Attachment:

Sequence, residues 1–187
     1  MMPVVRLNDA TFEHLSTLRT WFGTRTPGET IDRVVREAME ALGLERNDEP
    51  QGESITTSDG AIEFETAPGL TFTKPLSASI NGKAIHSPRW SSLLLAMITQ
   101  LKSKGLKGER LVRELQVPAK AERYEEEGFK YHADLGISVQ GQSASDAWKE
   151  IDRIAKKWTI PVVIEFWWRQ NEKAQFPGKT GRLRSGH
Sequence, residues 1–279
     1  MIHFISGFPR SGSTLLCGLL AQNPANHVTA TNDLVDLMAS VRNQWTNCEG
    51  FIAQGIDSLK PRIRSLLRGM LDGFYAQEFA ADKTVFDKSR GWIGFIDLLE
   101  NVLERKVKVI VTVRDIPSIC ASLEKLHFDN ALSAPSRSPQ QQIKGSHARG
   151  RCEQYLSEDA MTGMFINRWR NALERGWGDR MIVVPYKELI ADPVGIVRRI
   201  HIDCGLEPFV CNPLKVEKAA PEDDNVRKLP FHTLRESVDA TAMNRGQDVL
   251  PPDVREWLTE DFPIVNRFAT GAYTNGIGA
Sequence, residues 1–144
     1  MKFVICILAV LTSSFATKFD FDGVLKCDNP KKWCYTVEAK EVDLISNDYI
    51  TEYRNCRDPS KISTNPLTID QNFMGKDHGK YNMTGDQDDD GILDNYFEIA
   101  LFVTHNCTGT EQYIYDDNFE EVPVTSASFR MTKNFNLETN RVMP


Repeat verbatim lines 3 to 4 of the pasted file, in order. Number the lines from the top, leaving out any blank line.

    51  QGESITTSDG AIEFETAPGL TFTKPLSASI NGKAIHSPRW SSLLLAMITQ
   101  LKSKGLKGER LVRELQVPAK AERYEEEGFK YHADLGISVQ GQSASDAWKE